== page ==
Monday, 12 October 2015

SHOCKING LOST: Stock Market Loses N3.255trn In 12 Months

Stock Market Loses N3.255trn In 12 Months...

Total value of stocks listed on the Nigerian Stock Exchange (NSE) fell by N3.255 trillion in twelve months, from September 30 2014 to October 8, 2015. This sharp decline in
value of stocks on the exchange, also known as market capitalisation, worsened last week, with investors losing N160 billion between Monday and Thursday.

Specifically, market capitalisation fell by 23.9 per cent from 13.61 trillion on September 30, 2014 to N10.26 trillion at the end of trading on Thursday, October 8, 2015. Another stock market indicator, the All Share Index (ASI) dropped by 26.9 per cent from 41,210.10 basis points to 30123.20 points.  Similarly, market capitalisation fell from N10.512 trillion, Friday October 2 to N10.352 trillion at the end of Trading on Thursday, October 8.

Forces behind market depression

This downward trend of the market, according to operators, is fuelled by a number of factors namely, the uncertain political climate before the elections, sharp decline in crude oil prices, devaluation of the naira, expectation of further devaluation of the naira, absence of clear economic direction or policy of the present administration reflected in the late appointment of ministers, exclusion of Nigerian from the J.P Morgan Bond Index and restrictive monetary policy of the Central Bank of Nigeria (CBN).

For example, after  the September 8, 2015, announcement by JP Morgan of its decision to phase out Nigeria from its Government Bond Index, Emerging Market, GBI-EM, by ending of October, market indices showed steady recovery from several days of decline from N10.148 trillion to N10.425 trillion in two weeks. The market added N42 billion.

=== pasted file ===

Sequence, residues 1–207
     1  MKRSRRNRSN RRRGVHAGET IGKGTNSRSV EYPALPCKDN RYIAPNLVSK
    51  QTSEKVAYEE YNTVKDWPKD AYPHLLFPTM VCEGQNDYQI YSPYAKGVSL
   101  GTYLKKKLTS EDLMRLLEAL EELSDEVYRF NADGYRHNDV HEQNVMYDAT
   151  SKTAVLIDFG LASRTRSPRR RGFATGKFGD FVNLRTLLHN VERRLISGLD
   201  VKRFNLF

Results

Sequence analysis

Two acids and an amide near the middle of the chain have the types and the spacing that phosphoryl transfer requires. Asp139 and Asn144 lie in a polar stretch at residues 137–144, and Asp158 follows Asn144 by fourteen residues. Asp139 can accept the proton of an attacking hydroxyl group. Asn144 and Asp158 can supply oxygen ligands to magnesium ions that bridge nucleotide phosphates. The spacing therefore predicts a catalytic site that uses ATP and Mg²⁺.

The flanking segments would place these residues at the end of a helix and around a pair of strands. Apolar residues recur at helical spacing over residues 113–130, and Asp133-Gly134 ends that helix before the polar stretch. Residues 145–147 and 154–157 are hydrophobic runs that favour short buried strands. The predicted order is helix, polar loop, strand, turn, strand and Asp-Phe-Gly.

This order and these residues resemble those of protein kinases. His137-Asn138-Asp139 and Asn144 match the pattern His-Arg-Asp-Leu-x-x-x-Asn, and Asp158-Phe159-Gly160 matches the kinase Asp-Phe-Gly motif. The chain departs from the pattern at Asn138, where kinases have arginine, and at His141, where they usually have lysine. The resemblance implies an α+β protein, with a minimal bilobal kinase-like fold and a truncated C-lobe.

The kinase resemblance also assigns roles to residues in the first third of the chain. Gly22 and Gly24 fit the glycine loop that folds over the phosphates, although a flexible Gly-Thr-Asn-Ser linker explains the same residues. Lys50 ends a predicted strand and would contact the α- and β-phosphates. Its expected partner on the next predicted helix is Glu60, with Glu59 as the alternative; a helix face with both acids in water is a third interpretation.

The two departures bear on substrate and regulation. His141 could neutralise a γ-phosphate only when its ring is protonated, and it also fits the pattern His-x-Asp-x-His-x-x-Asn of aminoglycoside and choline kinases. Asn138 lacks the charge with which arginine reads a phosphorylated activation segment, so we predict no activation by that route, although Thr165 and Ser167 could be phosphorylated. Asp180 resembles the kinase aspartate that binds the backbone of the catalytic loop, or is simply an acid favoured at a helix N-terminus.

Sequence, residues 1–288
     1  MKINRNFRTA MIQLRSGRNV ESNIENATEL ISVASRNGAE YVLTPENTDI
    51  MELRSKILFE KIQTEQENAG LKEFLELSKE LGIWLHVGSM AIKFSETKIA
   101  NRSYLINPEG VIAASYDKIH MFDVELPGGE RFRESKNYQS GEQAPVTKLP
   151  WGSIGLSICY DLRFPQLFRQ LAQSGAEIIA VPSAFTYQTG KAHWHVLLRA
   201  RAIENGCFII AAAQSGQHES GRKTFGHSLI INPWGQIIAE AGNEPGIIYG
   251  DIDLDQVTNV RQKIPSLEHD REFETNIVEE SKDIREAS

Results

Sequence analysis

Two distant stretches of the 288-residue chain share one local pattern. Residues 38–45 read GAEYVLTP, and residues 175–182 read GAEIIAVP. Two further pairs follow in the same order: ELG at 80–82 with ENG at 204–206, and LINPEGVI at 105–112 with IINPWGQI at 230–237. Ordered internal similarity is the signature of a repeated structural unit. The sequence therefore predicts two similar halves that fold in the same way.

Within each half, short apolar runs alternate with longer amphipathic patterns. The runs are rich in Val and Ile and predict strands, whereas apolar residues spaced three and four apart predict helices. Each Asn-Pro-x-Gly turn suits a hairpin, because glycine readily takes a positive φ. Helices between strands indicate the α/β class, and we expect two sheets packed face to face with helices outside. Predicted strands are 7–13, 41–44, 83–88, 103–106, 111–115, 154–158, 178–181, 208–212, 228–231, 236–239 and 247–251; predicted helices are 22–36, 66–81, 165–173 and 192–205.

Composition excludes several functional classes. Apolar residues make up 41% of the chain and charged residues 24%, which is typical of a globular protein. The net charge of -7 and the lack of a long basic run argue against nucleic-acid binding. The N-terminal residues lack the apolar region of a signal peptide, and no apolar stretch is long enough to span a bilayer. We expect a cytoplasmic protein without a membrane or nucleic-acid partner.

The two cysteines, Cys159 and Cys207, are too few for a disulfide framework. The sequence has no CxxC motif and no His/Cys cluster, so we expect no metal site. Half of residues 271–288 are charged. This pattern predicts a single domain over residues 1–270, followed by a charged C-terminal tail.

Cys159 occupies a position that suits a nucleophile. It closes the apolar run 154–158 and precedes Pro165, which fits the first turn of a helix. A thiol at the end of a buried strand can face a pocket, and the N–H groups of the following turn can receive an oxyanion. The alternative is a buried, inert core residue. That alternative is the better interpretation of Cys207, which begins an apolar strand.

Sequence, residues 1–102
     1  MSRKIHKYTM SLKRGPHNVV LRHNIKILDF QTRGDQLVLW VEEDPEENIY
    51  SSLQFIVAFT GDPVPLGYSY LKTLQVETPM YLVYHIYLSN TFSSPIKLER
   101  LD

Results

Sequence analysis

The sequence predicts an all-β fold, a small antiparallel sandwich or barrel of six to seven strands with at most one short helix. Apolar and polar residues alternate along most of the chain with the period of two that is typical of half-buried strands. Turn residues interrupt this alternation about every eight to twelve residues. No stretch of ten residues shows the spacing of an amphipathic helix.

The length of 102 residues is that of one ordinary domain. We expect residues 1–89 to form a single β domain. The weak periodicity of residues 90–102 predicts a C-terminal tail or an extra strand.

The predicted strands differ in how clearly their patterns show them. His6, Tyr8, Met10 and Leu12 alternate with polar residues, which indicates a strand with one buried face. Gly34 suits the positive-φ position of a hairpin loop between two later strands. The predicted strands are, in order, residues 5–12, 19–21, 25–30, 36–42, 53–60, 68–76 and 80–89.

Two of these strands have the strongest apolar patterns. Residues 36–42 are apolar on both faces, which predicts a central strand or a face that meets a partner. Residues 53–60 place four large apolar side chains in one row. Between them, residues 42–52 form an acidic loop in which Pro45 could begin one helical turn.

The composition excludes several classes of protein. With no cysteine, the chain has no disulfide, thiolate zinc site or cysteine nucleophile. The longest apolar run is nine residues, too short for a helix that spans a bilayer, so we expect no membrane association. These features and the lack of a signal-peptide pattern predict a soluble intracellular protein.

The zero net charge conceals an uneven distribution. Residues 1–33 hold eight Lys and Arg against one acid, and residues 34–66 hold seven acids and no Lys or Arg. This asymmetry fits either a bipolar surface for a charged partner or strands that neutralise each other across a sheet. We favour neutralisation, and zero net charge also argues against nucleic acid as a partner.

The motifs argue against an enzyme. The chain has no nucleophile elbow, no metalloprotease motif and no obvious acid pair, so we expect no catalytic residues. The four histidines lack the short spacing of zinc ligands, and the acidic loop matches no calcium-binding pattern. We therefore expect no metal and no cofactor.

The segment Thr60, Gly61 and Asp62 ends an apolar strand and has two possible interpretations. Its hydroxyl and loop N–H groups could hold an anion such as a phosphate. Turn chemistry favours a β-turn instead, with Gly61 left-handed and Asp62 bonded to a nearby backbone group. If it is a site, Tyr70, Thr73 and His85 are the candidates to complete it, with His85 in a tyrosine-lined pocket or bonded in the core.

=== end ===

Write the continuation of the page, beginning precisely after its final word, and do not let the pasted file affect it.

But close to the October deadline for the removal of Nigeria’s bond from the J P Morgan index, the market started to experience decline, with investors losing  over N160 billion in four days’ trading .

“If Nigeria is removed from the JP Morgan Index, many foreign investors will be forced to sell off their Nigerian bond holdings, which is estimated to be worth about $2 billion,” noted  Mr. Gregory Kronsten , Associate Director Head, Macroeconomic & Fixed Income Research, FBN Capital.

He added: “There are foreign portfolio investors who knew little about investing in Nigeria but decided to invest because it is listed on the JP Morgan’s GBI-EM index.”

The FBN analyst further stated: “Delisting Nigeria would also mean that bond yields and borrowing costs will increase, negatively affecting Nigeria’s dire economy. The Naira may also face another round of major devaluation, as the economy could struggle to sustain the pace of forex outflows outside Nigeria.”

Commenting on the loss experienced in the stock market, various stakeholders who spoke to Financial Vanguard linked the performance to the state of political, economic and financial situations in the country. In its reaction to the announcement by J.P Morgan, WSTC Financial Services Limited, a Lagos-based investment house had said: “We expect both warranted and unwarranted reactions from investors in the equities market.

“We believe the sell-off in equities will be triggered by both panic reaction to the announcement, as well as more fundamental concerns which will be anchored upon elevated required return on equity, attractive returns in the fixed income market and uncertainty regarding the value of the Naira. “We reckon that the rout in the equities market will create attractive entry opportunities for value investors and the ability to take advantage of these will depend on individual investor’s ability to filter the rhythm from the noise.

“However, it is important to state that the fundamental concerns further depress our short term outlook on the performance of the equities market, reinforcing our recommendation for flight for safety through asset re-allocation into fixed income and currency-hedged assets.”